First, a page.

4 Public Health Claims Covering Type 2 Diabetes and the Mediterranean Diet
Everyone has an opinion on the best diet to follow to prevent or help manage type 2 diabetes. Let's take a look at what some of the top diabetes organizations have to say:
1. IDF - International Diabetes Federation
IDF mentions how some research shows that up to 80% of cases of type 2 diabetes can actually be prevented by a healthy diet (1). They go further to state that a healthy diet includes, “replacing saturated fats (eg. cream, cheese, butter) with unsaturated fats (eg. avocado, nuts, olive and vegetable oils)” (1).
IDF shares its recommendations for a healthy diet for both diabetic and the general population. They recommend choosing unsaturated fats like extra virgin olive oil, instead of saturated fats such as butter, coconut oil, and margarine. (2).
2. ADA - American Diabetes Association
The ADA recommends eating more monounsaturated and polyunsaturated fats (3). Extra virgin olive oil is a great source of monounsaturated fat, and fish like salmon and trout are good sources for polyunsaturated fats.
The ADA discusses ways to incorporate more monounsaturated fats into your diet, including substituting olive oil instead of saturated fats like butter or margarine (4).
3. Diabetes Canada - Canadian Diabetes Association
Diabetes Canada shares in their Diabetes Care Quick Reference Guide that type 2 diabetics should be following a healthy dietary pattern, which they mention as the Mediterranean diet and low glycemic index diet (5).
Diabetes Canada also offers resources to help prevent type 2 diabetes. They state that eating healthy is one of the main ways to reduce your risk of developing diabetes and the diets they mention as helpful tools to reduce your risk of type 2 diabetes development are the DASH Diet and Mediterranean diet (6). They speak even further about the Mediterranean diet and state that it may have benefits for cardiovascular health for those who are overweight and have type 2 diabetes (6). Diabetes Canada mentions the following foods as helping to prevent diabetes, vegetables, whole grains, oily fish, nuts, and olive oil (6). It is no coincidence that these foods are also key components in the Mediterranean diet.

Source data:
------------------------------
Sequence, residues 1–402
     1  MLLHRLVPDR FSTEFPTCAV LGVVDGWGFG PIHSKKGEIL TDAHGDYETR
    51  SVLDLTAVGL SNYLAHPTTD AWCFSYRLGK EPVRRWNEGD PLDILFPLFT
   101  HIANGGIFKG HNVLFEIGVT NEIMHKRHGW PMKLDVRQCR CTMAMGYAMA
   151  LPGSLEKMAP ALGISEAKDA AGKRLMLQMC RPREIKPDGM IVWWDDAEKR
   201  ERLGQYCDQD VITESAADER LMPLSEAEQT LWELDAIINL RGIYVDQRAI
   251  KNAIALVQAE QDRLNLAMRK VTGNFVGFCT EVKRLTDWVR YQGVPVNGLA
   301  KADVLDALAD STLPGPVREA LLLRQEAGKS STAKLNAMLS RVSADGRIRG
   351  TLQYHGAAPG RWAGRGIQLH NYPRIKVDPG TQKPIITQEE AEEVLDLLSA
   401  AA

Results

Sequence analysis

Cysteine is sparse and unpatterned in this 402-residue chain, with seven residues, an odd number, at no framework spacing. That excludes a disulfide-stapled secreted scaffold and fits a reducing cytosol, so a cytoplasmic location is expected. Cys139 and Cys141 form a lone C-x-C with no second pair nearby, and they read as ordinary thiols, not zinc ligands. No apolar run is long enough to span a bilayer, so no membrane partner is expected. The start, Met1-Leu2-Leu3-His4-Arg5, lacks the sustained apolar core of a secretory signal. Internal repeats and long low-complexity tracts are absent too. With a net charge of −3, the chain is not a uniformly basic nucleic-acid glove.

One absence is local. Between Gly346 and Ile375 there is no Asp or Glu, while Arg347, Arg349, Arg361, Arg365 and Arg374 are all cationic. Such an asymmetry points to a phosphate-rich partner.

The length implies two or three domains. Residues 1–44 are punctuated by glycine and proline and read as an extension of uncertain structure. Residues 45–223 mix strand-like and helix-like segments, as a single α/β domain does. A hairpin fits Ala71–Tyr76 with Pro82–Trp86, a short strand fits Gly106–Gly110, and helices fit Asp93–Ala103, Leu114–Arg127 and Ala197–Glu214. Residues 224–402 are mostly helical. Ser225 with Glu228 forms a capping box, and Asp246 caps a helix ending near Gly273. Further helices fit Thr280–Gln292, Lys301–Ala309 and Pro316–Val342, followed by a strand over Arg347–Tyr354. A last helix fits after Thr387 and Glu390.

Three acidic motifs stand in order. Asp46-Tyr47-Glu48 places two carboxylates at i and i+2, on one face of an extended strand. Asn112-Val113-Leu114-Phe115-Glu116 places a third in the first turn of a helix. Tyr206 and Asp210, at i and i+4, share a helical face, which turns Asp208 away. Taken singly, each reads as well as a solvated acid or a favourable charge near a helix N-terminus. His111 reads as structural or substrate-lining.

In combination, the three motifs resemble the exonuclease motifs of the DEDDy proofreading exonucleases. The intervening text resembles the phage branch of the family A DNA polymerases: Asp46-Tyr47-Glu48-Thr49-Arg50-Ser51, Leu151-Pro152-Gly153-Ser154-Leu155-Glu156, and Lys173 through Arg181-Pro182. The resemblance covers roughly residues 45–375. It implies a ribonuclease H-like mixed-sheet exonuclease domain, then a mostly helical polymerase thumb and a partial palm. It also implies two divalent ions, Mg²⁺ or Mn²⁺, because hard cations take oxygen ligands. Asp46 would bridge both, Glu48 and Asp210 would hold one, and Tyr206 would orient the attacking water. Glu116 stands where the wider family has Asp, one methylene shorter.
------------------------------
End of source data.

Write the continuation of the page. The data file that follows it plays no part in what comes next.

4. NIH - National Institute of Diabetes and Digestive and Kidney Diseases
The NIH recommends that diabetics should be eating foods with heart healthy fats, such as olive oil (7).
Overall, incorporating extra virgin olive oil into your diet, and the Mediterranean diet are both recommended by many of the leading diabetes organizations. Extra virgin olive oil is a great source of monounsaturated fats, which can be used in place of saturated fats like butter to promote cardiovascular health. The Mediterranean diet is viewed and recommended by many organizations as a healthy diet, and some of the main food groups it focuses on, like whole grains, vegetables, and olive oil, can even lead to a lower risk of developing type 2 diabetes.
Written by Isabelle Hammack
Reviewed by Kelly Powers, MA, RDN, a Registered Dietitian Nutritionist who takes a holistic approach to nutrition and health. Kelly is a recipe developer with a food blog highlighting whole foods, simple recipes, and her life in San Francisco. She’s the creator of 52 Weeks, a weekly meal plan program that helps users get back in the kitchen and feed themselves well. Kelly is also a co-founder of Olivaio.